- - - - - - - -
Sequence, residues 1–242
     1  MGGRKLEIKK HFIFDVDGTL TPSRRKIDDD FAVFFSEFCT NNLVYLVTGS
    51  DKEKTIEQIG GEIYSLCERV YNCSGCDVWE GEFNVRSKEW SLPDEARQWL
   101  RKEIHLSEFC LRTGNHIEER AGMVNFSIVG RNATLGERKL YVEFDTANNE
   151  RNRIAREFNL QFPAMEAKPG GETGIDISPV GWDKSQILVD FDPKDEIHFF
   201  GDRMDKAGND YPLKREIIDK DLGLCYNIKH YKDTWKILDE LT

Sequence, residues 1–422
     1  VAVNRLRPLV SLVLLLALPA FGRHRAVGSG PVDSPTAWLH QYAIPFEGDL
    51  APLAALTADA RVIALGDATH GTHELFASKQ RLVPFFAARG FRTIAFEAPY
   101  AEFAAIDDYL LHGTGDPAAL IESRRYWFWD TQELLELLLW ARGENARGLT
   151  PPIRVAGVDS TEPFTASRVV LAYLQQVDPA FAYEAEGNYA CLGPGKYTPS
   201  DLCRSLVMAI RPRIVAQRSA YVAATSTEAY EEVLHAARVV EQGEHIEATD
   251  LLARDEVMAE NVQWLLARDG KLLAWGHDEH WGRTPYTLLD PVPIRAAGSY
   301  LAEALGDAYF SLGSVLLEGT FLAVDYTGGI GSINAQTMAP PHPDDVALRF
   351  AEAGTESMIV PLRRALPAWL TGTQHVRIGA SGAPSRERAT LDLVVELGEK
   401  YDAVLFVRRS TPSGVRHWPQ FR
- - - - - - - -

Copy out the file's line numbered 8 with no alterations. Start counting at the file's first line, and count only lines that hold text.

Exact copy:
     1  VAVNRLRPLV SLVLLLALPA FGRHRAVGSG PVDSPTAWLH QYAIPFEGDL